Michael Phelps‘ fiancée recently asked him if their impending move from his native Baltimore to Arizona was “really a big deal.”
“No, not really,” Phelps responded.
Phelps, who is slated to swim six events at a Pro Swim Series meet in Charlotte starting Friday, will later move across the country with longtime coach Bob Bowman, who accepted the Arizona State swimming coaching job.
“I’m somebody who loves changes,” Phelps said in a press conference Thursday. “If we do the same thing in training month after month, I get sick of it. … This is a brand-new change. Myself, my fiancée, we’re looking forward to it. … I’m not nervous about it.”
Phelps joked the biggest difficulty may be not having an indoor pool to swim in if it gets too hot.
“I’ll say the toughest thing is, sort of, at home [in Baltimore], I was able to sort of get on a level where everything around me was so comfortable,” Phelps said. “I was in my own element. I had this and that. I was completely settled. I think that will be a very difficult thing, resettling.”
He’s been through this before, moving with Bowman to the University of Michigan following the Athens 2004 Olympics.
“I know what I’m getting into, versus Ann Arbor was a completely new world when I started collegiate coaching,” said Bowman, adding that he had more input in this coaching switch than with Michigan. “It’s a little more tailor-made for what everyone needs and I need.”
Phelps will challenge himself in Charlotte by swimming a 200m butterfly for the first time since the 2012 Olympics (Phelps is not expected to make it part of his regular program going toward Rio 2016). He added it partly to ensure he had two events on each day of the meet and partly to put himself on the line and “make it not as comfortable.”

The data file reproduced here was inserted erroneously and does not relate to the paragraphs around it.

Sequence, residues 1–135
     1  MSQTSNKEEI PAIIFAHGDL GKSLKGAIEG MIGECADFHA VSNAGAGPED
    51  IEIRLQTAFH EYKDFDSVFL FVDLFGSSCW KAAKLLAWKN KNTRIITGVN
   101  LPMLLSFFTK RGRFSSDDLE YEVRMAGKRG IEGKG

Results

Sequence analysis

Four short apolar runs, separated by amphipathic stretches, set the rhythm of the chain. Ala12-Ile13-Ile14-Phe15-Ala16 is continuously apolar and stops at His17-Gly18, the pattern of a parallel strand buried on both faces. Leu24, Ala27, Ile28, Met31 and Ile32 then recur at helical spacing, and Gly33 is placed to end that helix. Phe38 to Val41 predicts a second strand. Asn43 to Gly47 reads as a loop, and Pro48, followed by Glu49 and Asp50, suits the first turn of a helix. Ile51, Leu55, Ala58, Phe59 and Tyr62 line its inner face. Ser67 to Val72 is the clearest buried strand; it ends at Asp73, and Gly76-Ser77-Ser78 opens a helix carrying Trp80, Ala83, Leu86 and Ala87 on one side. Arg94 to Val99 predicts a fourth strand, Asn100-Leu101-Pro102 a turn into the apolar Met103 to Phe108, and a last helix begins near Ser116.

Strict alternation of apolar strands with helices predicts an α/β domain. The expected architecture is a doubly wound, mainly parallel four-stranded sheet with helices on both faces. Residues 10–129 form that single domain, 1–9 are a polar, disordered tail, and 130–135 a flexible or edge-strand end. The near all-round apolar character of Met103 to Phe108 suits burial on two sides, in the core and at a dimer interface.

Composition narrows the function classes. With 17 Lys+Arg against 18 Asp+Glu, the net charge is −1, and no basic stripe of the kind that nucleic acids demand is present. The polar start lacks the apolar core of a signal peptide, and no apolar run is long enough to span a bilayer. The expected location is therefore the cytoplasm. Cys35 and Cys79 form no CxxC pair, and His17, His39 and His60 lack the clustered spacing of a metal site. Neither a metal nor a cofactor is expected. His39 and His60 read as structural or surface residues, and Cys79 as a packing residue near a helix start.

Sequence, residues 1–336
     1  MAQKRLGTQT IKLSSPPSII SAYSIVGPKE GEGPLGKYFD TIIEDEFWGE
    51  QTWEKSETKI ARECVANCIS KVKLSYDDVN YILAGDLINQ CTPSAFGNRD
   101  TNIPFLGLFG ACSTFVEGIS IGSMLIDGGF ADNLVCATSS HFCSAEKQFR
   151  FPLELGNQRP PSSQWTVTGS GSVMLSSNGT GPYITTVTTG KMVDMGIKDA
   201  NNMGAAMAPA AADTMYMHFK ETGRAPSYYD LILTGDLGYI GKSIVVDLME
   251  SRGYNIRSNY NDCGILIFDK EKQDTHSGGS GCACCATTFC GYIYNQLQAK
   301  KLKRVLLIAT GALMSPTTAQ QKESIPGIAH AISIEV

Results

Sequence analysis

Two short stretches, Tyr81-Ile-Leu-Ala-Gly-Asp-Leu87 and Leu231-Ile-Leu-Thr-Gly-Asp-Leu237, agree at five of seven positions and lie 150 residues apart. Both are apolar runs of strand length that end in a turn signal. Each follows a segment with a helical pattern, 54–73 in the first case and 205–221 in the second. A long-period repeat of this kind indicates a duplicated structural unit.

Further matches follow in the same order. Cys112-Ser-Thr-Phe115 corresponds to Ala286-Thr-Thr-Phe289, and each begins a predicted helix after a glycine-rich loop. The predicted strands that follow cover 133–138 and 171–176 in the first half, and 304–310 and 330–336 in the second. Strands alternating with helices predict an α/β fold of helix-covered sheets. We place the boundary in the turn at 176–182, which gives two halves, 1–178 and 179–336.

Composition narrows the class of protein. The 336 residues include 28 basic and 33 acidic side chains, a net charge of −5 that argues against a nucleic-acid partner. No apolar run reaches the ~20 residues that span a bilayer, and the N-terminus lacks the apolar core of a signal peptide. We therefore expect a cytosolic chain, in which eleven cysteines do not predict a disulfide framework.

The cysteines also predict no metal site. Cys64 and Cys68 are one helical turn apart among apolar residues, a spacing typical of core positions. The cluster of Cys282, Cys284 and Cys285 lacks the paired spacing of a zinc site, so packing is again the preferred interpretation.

And he said he will approach preliminary races differently in Charlotte. Phelps wants to ensure he will not only make finals but also receive a preferred middle lane.
“I’m not 15 or 18 anymore, where I can just sort of coast through in the morning,” Phelps, 29, said.
Phelps also reflected on the financial aspect of swimming in domestic meets. He recalled another swimmer asking after a race if his result would merit receiving “grant money.”
“I’m like, dude, if that’s what you’re worried about, then your mind is in the wrong direction,” Phelps said. “If you take care of what you have to in the pool, everything else comes.”
Bowman and Phelps joked of how money and prizes were not of the utmost concern early in his career.
“He knew he could buy some spinners for his car,” said Bowman, surely referencing Phelps’ Cadillac Escalade that his mother allowed him to buy after he signed his first endorsement deal as a 16-year-old (more on that story here).
“My mom was like, oh, you broke a world record, you can buy a couch for your room,” Phelps said. “Gee, thanks, mom.”
Universal Sports will have coverage of the Charlotte meet on Saturday and Sunday at 6 ET both nights.